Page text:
HCFC-225 was an “Class II” ozone-depleting substance and is no longer made in the USA or Japan. In the 1980s, in response to the depletion of the ozone layer, more than 100 nations worked together on a treaty called “the Montreal Protocol.” This treaty set the rules for eliminating ozone-depleting substances around the globe. The first chemicals to go were the refrigerants and solvents called CFCs, halogenated fire suppressants and other “Class I ozone-depleting substances.” Then the less damaging HCFCs, which are “Class II” products, had to go. The last HCFC on the market today was HCFC-225, made in Japan, and it was phased out in 2015. MicroCare has never packaged HCFC-225, which is also called AsahiKlean and other names. While there are no restrictions on using HCFC cleaners in the U.S., since nobody has produced the fluid for a number of years it has become very scarce and expensive. MicroCare has many new, ozone-safe solvents that are perfect answers to replace HCFC- 225 solvents.
Does This Involve “SNAP”?
Yes, it does. In the USA, the Clean Air Act defines the “Significant New Alternatives Program” (SNAP). This process prevents people from switching from one ozone-depleting chemical to something worse. Customers will need to switch to new SNAP-accepted alternatives to replace HCFC-225. The first step they should take with any substitute is to confirm the proposed alternative is SNAP- approved as a replacement for HCFC-225 in their specific application. All of the MicroCare alternatives are “SNAP” approved.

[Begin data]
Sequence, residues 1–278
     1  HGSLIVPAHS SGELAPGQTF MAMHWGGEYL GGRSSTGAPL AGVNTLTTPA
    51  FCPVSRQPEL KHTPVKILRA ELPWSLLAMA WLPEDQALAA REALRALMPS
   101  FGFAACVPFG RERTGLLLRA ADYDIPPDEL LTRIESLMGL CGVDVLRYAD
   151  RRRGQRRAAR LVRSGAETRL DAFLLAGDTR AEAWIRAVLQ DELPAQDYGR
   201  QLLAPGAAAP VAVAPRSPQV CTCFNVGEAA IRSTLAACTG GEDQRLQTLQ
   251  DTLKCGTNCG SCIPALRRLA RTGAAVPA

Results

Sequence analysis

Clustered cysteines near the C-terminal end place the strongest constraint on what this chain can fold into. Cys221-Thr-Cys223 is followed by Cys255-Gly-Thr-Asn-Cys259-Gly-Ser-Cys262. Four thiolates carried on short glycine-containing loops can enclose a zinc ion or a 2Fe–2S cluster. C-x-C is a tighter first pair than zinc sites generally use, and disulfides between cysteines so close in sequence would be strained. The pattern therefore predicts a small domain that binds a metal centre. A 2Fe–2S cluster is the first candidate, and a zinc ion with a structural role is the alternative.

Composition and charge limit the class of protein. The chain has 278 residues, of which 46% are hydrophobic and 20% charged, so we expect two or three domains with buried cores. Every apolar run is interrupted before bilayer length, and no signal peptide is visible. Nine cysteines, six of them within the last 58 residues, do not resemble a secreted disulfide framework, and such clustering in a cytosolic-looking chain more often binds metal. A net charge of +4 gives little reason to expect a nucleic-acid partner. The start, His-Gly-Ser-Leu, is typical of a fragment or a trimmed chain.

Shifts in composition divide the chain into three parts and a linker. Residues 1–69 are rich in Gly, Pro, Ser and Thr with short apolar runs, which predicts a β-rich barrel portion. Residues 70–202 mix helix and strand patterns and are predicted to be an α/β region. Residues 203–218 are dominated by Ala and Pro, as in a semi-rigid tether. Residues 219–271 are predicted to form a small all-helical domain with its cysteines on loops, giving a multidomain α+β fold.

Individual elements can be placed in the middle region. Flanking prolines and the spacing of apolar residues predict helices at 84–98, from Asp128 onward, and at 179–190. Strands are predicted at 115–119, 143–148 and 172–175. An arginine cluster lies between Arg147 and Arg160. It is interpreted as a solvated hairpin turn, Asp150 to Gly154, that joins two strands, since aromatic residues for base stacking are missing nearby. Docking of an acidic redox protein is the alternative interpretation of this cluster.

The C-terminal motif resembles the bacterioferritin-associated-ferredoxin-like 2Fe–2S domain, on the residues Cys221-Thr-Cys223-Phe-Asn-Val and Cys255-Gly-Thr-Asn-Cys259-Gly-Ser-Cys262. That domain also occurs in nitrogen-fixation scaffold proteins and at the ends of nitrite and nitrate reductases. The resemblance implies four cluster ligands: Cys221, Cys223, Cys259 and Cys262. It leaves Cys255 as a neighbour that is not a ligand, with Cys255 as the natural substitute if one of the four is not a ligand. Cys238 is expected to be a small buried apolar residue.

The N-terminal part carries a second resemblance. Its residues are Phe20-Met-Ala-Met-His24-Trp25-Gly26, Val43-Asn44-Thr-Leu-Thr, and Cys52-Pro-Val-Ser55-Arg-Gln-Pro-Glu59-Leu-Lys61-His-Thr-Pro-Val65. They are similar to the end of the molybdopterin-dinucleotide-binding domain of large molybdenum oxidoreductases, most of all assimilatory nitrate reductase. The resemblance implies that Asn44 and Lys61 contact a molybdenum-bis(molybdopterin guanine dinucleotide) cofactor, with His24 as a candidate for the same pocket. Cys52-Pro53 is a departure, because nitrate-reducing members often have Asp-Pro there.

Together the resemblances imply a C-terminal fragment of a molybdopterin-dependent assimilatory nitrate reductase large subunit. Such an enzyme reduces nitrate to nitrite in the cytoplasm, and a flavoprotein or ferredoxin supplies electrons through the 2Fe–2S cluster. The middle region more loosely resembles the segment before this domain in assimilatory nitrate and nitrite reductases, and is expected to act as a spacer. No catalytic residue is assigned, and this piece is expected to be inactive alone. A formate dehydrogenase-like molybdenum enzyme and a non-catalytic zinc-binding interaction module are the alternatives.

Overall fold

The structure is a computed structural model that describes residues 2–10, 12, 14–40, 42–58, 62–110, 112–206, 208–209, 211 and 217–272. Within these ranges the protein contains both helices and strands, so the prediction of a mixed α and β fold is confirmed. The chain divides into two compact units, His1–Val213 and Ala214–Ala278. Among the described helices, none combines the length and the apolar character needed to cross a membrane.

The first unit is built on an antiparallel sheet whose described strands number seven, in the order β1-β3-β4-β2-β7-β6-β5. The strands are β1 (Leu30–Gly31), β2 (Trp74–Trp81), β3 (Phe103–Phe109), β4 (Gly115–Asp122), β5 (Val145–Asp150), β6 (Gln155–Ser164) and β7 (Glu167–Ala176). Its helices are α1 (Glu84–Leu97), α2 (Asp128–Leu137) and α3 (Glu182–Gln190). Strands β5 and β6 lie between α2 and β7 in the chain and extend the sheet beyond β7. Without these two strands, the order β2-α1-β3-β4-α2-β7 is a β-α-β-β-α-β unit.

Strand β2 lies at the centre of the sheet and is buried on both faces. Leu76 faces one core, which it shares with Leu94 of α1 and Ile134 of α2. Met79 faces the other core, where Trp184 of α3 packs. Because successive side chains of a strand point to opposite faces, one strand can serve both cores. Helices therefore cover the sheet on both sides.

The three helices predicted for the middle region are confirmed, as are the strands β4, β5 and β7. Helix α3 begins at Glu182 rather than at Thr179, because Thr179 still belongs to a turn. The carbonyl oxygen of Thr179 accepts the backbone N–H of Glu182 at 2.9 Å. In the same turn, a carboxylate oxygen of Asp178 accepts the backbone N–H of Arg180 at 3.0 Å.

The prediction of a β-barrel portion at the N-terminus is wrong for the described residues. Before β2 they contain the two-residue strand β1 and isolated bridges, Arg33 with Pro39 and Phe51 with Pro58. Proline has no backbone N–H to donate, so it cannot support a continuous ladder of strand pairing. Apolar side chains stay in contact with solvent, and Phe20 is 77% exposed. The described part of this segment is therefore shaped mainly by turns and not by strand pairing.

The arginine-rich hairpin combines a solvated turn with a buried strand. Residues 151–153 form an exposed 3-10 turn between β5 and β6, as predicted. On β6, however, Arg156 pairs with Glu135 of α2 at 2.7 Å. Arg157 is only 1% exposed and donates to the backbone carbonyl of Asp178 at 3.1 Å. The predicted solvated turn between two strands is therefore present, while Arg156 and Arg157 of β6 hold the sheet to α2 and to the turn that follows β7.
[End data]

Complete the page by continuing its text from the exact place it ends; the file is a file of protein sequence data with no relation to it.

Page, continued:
So What Are the Alternatives?
If you are still using HCFC-225, it’s time to RUN, not walk, to the alternative choices. You’ve put this off for years; the time has come.
There are a number of great alternatives to consider for cleaning on the benchtop:
- Universal Flux Remover (#MCC-UFR)
- No-Clean Flux Remover – VeriClean™ (#MCC-DC1)
- Lead-Free Flux Remover – Powerclean™ (#MCC-PW2)
- General Purpose Flux Remover (#MCC-FRC)
If you were using HCFC-225 in vapor degreasers, see the excellent cleaning options from MicroCare in the Precision Cleaning web site.
The 'ozone hole' over Antarctica has shrunk by 4 million square kilometers from 2002-2015, mostly due to the reduction in ozone-depleting solvents. Source: BCC